Editor's note: This article is a part of a series reviewing Utah and U.S. history for KSL.com's Historic section.
PROMONTORY, Box Elder County — Western Box Elder County may seem like a vacant, open space to some, but it remains a treasure trove for historians and archeologists seeking all the information they can get about one of the most significant moments in U.S. history.
The bits and pieces of materials left behind by the transcontinental railroad workers in the late 1860s and the first generation of railroad communities that were established shortly after the railroad was completed, which happened 152 years ago Monday, tell more about the story of the railroad than most documentation of the time.
"There's a very rich and long history out in western Box Elder County that really did not only shape the West and Utah's history, but fundamentally changed the future of Box Elder County and Weber County," said Chris Merritt, the preservation officer for the Utah Division of State History.
Travel through the region by Merritt and other historians, as well as other research efforts, have led to new documentation of its history.
To mark another anniversary of the completion of the railroad in 1869, the U.S. Bureau of Land Management on Monday published "Rails East to Ogden: Utah's Transcontinental Railroad Story." The 321-page book, authored by Merritt and historian Michael Polk, with contributions by three other historians, aims to fill in knowledge gaps with new information about the transcontinental railroad leading up to and then after May 10, 1869. The information was put together largely from what was left behind in western Box Elder County.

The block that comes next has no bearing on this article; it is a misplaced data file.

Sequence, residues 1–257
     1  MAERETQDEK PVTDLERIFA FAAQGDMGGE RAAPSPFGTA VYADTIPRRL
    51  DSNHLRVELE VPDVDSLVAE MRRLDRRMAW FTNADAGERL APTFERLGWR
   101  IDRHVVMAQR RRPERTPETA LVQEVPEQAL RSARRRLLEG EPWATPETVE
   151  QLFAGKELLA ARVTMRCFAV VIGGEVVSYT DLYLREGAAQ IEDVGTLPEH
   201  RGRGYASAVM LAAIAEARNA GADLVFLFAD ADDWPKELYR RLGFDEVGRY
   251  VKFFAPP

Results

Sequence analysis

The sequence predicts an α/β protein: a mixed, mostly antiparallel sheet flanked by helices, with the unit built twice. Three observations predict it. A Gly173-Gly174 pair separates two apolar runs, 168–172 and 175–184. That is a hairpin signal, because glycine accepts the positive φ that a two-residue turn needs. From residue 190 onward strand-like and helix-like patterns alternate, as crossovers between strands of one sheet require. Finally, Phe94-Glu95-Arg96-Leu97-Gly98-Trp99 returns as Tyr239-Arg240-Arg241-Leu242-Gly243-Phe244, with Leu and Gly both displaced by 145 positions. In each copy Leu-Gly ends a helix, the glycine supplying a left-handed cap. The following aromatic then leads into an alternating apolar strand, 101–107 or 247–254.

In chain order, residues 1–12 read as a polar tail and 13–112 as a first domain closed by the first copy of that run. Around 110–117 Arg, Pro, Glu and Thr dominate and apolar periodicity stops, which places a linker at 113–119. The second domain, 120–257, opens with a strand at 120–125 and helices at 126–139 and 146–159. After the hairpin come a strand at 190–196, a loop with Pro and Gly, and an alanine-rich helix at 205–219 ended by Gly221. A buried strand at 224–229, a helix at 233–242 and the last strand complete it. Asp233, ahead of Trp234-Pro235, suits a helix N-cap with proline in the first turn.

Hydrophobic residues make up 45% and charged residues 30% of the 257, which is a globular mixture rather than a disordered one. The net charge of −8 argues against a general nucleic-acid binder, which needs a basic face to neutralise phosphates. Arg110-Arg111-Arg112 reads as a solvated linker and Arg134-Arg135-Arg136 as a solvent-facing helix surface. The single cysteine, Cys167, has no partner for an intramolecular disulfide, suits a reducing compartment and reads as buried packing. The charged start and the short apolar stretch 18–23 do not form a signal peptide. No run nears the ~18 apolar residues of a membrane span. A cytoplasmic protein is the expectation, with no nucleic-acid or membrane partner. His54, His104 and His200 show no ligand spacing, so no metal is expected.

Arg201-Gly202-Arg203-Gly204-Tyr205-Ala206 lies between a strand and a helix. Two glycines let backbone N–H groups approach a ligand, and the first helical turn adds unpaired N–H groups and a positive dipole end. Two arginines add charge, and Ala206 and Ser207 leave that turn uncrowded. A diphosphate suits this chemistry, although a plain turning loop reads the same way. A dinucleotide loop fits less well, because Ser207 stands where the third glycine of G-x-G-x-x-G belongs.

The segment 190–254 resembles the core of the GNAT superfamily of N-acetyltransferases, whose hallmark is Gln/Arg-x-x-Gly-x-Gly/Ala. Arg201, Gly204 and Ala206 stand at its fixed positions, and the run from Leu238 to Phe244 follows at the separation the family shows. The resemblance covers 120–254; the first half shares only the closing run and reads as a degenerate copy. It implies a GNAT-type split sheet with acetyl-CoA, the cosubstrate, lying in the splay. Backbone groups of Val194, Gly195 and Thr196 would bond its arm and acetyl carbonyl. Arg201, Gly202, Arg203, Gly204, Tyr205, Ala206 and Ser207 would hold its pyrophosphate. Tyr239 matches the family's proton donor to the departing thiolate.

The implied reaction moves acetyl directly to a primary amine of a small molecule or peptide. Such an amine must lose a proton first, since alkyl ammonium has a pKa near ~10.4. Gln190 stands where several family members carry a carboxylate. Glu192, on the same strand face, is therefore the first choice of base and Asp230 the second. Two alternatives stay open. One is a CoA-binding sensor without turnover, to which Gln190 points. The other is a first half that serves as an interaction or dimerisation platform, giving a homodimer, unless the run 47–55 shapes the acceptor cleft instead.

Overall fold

It's an update to "Rails East to Promontory," which was a documentation of the transcontinental railroad in Utah through archeological studies on BLM-managed land first published 40 years ago and last updated in 1994. The project received enough funding from the BLM, Spike 150 Foundation, Aspen Ridge Consultants and Cannon Heritage Consultants for some printed copies but will be released soon for free online as an e-book document on the BLM's website.
"Since '94, we've learned so much more about the archaeology on the transcontinental railroad but also more in-depth history we've been able to piece together," Merritt explained about the need for an update to the book. "This new volume is really going much more in-depth than that (original) volume ever attempted to be. … We feel the original volume was a great appetizer, but this new volume is the full-course meal."